Teachers and staff found open electrical boxes, peeling paint, leaking roofs, and even mouse droppings.
What's that, trolls? You don't believe it things are really that bad in Paterson?

Food preparation room, Elementary School No. 20, Paterson.

Mouse droppings in an in-use classroom, Elementary School No. 20, Paterson.

Continuing:
The state has overseen the Paterson School District since 1991, and Tirri says the district and state blame each other for the deteriorating conditions.
Tirri says 3,200 teachers, aides and other union members have been working without a contract or salary bump since 2010.
"We don't have any long-term job security because things are up in the air," says teacher Chris Small. "It would help you sleep better at night knowing things are secure and locked in."
So let's get this straight:

- There are many New Jersey schools in deplorable condition.

- There are many teachers in New Jersey working without a new contract and no raises, even as they pay more for pensions and health care.

And yet Senator Teresa Ruiz wants to create a $5 million slush fund for education "innovation"!? Why? So Commissioner Chris Cerf can throw more money at his friends and cronies?

I have a crazy idea: why don't we use the money instead to fix schools and settle contracts so teachers can have modest raises?

I know - crazy talk...

6 comments:

alm said...

$5 million dollars is one-half of one percent of the operating budget of the Newark Public Schools.

The SDA's last authorization was ~ $4 billion. Ruiz's innovation fund represents 0.1% of the SDA's budget.

Ruiz's money would let the SDA do 0.1% more than it currently does. The reason that you put some money aside for innovation -- a very small amount of money, frankly, relative to the $9 billion in the budget for state aid to schools -- is that it might be 'higher leverage' - it has the chance of funding a project with really outsize student achievement results - maybe an innovative program for helping students with special needs, for instance, or providing online PD that teachers across the state could use.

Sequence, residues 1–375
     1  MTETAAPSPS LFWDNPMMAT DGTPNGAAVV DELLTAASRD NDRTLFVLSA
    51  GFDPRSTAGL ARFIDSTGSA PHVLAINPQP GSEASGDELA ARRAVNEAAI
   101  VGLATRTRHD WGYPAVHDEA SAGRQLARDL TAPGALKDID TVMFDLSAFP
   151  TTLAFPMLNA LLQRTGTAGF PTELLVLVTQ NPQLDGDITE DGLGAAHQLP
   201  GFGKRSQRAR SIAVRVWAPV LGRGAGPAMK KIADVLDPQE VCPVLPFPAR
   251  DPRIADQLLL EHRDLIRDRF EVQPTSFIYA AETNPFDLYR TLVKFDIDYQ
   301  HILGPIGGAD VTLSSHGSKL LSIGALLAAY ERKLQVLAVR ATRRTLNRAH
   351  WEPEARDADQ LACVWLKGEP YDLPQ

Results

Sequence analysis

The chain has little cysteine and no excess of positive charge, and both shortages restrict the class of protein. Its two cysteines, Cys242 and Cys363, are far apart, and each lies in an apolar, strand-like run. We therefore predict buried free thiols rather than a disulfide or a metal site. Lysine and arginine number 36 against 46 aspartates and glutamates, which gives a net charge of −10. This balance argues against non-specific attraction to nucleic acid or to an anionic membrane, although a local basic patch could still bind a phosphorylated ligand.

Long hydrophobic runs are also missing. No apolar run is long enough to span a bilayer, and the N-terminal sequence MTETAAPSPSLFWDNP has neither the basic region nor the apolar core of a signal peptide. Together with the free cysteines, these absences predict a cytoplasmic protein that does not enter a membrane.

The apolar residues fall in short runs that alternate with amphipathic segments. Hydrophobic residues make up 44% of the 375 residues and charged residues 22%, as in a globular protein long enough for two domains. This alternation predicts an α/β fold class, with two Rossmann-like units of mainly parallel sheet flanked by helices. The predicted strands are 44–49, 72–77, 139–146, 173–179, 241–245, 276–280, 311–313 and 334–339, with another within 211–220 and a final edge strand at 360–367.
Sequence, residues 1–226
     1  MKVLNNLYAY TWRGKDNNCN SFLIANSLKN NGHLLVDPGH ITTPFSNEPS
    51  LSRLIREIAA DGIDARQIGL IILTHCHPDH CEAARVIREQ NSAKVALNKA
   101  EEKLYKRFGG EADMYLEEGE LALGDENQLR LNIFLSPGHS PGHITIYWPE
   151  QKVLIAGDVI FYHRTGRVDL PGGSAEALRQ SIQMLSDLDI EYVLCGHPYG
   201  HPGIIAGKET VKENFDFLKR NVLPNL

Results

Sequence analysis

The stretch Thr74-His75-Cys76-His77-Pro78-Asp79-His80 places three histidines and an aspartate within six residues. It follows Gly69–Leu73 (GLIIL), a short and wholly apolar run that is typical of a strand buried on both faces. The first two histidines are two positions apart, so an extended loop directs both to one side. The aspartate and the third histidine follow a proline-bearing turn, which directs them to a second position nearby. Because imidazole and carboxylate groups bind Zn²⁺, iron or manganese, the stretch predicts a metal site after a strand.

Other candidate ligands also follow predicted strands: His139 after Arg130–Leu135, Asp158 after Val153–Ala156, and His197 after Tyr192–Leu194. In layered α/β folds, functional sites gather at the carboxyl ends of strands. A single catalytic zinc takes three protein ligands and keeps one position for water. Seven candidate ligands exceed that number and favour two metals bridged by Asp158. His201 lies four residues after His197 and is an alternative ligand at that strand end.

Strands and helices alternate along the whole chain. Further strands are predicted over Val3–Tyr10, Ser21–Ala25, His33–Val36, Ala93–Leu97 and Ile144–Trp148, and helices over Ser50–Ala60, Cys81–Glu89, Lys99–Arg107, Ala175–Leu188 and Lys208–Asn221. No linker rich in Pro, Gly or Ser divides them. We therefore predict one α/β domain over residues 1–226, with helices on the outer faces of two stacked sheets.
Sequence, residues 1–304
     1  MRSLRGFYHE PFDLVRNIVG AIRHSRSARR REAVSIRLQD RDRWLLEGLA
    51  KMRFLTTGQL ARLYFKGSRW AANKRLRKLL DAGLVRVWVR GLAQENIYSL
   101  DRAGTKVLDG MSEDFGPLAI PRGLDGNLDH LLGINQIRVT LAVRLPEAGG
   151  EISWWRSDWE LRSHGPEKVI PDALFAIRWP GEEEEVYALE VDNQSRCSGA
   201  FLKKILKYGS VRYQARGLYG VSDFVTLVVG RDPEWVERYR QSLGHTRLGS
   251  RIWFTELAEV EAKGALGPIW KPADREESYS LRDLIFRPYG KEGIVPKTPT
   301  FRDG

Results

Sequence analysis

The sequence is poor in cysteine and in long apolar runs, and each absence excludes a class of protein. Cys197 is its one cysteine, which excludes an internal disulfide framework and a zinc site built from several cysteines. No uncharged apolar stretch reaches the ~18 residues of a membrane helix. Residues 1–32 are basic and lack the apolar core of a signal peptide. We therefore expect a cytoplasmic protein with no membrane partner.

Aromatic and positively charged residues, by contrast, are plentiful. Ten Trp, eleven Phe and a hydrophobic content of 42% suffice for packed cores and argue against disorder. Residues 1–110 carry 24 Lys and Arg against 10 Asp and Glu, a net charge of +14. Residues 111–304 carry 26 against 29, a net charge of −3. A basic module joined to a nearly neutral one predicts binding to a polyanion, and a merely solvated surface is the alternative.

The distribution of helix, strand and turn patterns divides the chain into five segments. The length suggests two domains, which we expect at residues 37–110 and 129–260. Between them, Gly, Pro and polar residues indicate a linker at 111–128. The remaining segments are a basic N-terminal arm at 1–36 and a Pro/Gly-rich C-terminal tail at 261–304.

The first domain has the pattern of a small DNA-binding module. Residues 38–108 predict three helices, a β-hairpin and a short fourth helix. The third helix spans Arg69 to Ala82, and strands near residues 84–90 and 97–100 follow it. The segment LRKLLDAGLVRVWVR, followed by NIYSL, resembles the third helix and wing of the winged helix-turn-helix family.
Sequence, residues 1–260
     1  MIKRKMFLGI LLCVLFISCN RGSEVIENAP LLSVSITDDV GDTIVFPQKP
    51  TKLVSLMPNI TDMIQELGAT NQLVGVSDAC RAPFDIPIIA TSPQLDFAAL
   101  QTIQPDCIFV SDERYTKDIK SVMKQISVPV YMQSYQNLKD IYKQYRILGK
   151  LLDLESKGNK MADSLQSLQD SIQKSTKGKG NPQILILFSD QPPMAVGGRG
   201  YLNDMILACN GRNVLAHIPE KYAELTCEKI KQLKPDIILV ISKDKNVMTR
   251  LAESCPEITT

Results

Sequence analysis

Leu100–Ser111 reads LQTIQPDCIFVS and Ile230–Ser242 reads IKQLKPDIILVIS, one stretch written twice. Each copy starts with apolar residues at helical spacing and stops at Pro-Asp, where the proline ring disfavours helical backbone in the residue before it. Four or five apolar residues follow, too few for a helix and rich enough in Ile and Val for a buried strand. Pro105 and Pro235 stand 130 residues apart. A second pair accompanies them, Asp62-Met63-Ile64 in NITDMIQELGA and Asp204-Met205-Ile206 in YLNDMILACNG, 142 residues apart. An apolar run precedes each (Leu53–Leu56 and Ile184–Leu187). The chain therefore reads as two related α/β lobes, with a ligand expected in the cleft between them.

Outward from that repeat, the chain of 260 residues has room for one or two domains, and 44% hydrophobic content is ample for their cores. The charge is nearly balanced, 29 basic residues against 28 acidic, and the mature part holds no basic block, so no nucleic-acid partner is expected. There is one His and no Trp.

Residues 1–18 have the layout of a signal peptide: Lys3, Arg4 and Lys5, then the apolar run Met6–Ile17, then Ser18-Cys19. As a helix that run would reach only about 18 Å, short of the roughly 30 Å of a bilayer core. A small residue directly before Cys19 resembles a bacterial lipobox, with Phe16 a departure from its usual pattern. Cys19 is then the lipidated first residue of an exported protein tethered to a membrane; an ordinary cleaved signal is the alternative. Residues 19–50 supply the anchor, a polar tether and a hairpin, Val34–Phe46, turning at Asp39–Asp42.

Calling it a 'slush fund' is way out of line, and borderline uncivil.

laurahigley said...

Let's try this for innovation: get politicians out of the education "reform" business. This would save tons of money on unneeded tests. More innovation: end the useless, time-wasting SGO process. This would save time, and the money it would save in paper alone would make it worthwhile. Let educators have a say in evaluation, and eliminate the many excessive administrative positions in NJ school districts. Further innovation: require charter schools to pay their own way, not using public funds, and require them to play by the same rules that public schools have to follow. Now with all this innovation, spend the money saved on all of this to feed students, clothe them, give them adequate health and dental care and a safe place for them and their families to live. Help their families find jobs. And to alm, calling it a "slush find" is kind considering the situation in the schools pictured above: that's the real incivility.